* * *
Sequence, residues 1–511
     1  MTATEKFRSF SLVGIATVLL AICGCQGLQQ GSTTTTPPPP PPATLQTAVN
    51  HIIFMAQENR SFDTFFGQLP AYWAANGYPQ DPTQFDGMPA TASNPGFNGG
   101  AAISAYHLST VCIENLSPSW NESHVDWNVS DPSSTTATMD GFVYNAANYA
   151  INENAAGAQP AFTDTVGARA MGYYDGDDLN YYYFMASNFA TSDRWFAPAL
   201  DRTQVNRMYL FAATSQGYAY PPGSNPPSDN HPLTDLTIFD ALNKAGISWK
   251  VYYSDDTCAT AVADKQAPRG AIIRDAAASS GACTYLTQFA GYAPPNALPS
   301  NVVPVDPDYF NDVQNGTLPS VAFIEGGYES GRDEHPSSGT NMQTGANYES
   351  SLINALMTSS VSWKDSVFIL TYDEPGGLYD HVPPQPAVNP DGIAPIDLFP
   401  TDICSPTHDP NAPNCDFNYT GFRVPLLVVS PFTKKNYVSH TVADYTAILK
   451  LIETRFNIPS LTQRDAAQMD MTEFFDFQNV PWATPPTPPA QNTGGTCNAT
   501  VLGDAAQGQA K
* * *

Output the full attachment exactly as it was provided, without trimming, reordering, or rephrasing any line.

Sequence, residues 1–511
     1  MTATEKFRSF SLVGIATVLL AICGCQGLQQ GSTTTTPPPP PPATLQTAVN
    51  HIIFMAQENR SFDTFFGQLP AYWAANGYPQ DPTQFDGMPA TASNPGFNGG
   101  AAISAYHLST VCIENLSPSW NESHVDWNVS DPSSTTATMD GFVYNAANYA
   151  INENAAGAQP AFTDTVGARA MGYYDGDDLN YYYFMASNFA TSDRWFAPAL
   201  DRTQVNRMYL FAATSQGYAY PPGSNPPSDN HPLTDLTIFD ALNKAGISWK
   251  VYYSDDTCAT AVADKQAPRG AIIRDAAASS GACTYLTQFA GYAPPNALPS
   301  NVVPVDPDYF NDVQNGTLPS VAFIEGGYES GRDEHPSSGT NMQTGANYES
   351  SLINALMTSS VSWKDSVFIL TYDEPGGLYD HVPPQPAVNP DGIAPIDLFP
   401  TDICSPTHDP NAPNCDFNYT GFRVPLLVVS PFTKKNYVSH TVADYTAILK
   451  LIETRFNIPS LTQRDAAQMD MTEFFDFQNV PWATPPTPPA QNTGGTCNAT
   501  VLGDAAQGQA K